Tags:
  1. dillseed
    Offline

    dillseed Active Member

    Joined:
    Feb 26, 2013
    Messages:
    390
    Likes Received:
    19

    Grammar Is the omission of commas justified in this example?

    Discussion in 'Word Mechanics' started by dillseed, May 15, 2014.

    In the following sentence can we omit the commas around 'Francine'? I'm referring to only two people: Francene (who is my wife) and Joella.

    Joe said, “My wife, Francine, and Joella will be at the party.”

    The way the sentence is punctuated makes it appear as though three people are being referenced: my wife, Francine, and Joella.

    In the interest of clarity, we need to jettison those commas around the nonrestrictive appositive "Francine" and write it thusly:

    Joe said, “My wife Francine and Joella will be at the party.”

    Do you concur?

    Thank you.
     
  2. Okon
    Offline

    Okon Contributing Member Contributor

    Joined:
    Sep 26, 2013
    Messages:
    694
    Likes Received:
    389
    What about a colon? I was tempted to reword this and put Joella first, or something like 'friend' before Joella, but I know you don't like that.:)

    Joe said, “My wife: Francine, and Joella, will be at the party.”
     
  3. dillseed
    Offline

    dillseed Active Member

    Joined:
    Feb 26, 2013
    Messages:
    390
    Likes Received:
    19
    Thanks, Okon, but I think that's an unorthodox usage of the colon. :)

    Joella and my wife, Francine, will be at the party is an excellent option.

    Thank you.
     
  4. Okon
    Offline

    Okon Contributing Member Contributor

    Joined:
    Sep 26, 2013
    Messages:
    694
    Likes Received:
    389
    Yeah, I'm still working on getting educated...:oops:
     
  5. dillseed
    Offline

    dillseed Active Member

    Joined:
    Feb 26, 2013
    Messages:
    390
    Likes Received:
    19
    Me too!
     
    Okon likes this.
  6. mammamaia
    Offline

    mammamaia nit-picker-in-chief Contributor

    Joined:
    Nov 21, 2006
    Messages:
    19,316
    Likes Received:
    1,014
    Location:
    Coquille, Oregon
    colon is totally wrong, okon...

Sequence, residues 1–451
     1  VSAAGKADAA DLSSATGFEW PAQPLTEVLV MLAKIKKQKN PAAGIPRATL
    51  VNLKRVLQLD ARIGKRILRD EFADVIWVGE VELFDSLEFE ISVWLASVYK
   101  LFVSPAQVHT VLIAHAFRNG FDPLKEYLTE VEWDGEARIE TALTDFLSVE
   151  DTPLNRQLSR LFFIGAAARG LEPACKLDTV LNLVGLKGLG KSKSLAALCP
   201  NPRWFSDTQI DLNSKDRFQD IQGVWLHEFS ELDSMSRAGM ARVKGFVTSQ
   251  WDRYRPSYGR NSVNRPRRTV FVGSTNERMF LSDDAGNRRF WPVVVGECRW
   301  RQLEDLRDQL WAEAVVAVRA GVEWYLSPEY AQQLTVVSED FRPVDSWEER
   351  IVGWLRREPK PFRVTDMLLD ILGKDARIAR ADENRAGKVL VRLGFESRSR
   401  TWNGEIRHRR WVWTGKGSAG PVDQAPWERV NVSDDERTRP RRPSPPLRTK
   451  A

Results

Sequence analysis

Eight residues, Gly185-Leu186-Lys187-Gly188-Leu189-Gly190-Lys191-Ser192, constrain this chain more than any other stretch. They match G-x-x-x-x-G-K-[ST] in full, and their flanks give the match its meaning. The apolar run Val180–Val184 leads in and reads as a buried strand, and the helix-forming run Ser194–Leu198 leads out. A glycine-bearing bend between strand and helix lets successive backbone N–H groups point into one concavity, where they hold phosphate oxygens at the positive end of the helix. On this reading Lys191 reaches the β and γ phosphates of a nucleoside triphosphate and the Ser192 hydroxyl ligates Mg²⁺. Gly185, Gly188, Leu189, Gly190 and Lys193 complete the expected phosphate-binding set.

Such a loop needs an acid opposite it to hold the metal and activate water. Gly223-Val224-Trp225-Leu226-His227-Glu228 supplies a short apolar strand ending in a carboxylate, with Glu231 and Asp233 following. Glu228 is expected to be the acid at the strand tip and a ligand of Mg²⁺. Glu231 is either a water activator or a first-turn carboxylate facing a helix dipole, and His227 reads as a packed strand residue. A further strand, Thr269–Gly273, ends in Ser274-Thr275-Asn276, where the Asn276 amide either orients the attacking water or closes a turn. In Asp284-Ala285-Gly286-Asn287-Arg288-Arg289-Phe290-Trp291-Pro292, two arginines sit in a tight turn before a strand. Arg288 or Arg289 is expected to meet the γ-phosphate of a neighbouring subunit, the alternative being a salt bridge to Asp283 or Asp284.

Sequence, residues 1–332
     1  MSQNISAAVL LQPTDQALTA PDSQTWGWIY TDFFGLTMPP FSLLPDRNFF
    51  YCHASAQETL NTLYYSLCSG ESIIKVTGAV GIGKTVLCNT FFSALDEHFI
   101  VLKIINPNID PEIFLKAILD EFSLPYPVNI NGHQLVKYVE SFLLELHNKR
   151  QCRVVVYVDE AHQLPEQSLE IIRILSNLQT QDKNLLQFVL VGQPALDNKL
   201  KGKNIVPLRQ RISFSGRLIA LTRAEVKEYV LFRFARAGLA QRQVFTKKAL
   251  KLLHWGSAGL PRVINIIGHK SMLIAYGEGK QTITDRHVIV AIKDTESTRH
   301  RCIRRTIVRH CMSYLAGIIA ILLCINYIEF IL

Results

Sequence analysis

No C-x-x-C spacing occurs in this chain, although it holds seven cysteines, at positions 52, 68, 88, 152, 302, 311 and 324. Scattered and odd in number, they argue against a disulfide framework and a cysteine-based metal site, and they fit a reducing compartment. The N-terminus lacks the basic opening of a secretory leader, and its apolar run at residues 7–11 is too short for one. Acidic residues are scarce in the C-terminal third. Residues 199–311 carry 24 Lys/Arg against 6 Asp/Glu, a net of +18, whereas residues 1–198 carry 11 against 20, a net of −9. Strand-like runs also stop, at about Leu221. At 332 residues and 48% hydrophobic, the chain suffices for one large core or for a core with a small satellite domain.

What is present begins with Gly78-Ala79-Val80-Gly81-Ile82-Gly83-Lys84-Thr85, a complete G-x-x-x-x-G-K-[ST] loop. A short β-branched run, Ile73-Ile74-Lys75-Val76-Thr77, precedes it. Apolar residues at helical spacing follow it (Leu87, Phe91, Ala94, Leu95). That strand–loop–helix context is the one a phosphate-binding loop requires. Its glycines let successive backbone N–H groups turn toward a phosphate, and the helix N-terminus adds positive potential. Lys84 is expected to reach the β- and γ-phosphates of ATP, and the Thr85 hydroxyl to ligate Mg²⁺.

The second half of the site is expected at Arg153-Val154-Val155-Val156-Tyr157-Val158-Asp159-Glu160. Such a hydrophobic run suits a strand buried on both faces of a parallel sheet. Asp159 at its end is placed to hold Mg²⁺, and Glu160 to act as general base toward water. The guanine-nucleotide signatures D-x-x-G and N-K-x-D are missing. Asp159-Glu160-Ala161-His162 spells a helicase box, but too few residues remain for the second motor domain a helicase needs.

you were right to leave out the commas, dill... for the right reason...
     
  7. dillseed
    Offline

    dillseed Active Member

    Joined:
    Feb 26, 2013
    Messages:
    390
    Likes Received:
    19
    Thank you for your reply, maia. :)
     
  8. mammamaia
    Offline

    mammamaia nit-picker-in-chief Contributor

    Joined:
    Nov 21, 2006
    Messages:
    19,316
    Likes Received:
    1,014
    Location:
    Coquille, Oregon
    it's always a pleasure, dill... keep 'em comin'!
     
  9. dillseed
    Offline

    dillseed Active Member

    Joined:
    Feb 26, 2013
    Messages:
    390
    Likes Received:
    19
    Oh, I will ... LOL! :)
     
  10. scribbledhopes
    Offline

    scribbledhopes Member

    Joined:
    May 2, 2008
    Messages:
    96
    Likes Received:
    1
    I think it might matter in regards to the context of the dialog.

    If I asked you "Who is going to the party?"

    Answering "My wife, Francine, and Joella will be at the party." is, I believe, an acceptable use of the additional pause.

    Because the preceding comment was inquiring a bit deeper. The general statement now has to provide detailed information segmented by the comma for clarity. They both work.

    If I read this in such a situation, I wouldn't blink at it as improper or confusing.

    Alone yes, it could be misleading.

    The statement reads as an answer. That is why I thought I would raise the thought to everyone.

    Just a couple pennies. Dave
     
  11. dillseed
    Offline

    dillseed Active Member

    Joined:
    Feb 26, 2013
    Messages:
    390
    Likes Received:
    19
    Thank you.
     
  12. mammamaia
    Offline

    mammamaia nit-picker-in-chief Contributor

    Joined:
    Nov 21, 2006
    Messages:
    19,316
    Likes Received:
    1,014
    Location:
    Coquille, Oregon
    i don't see the preceding question, or the statement being an answer, as a cure for the ambiguity of the commaed version, dave... the comma still makes it seem most likely that three are going to the party, not just two... or, that francine may be asking the question and the speaker has scrambled his syntax...
     

Share This Page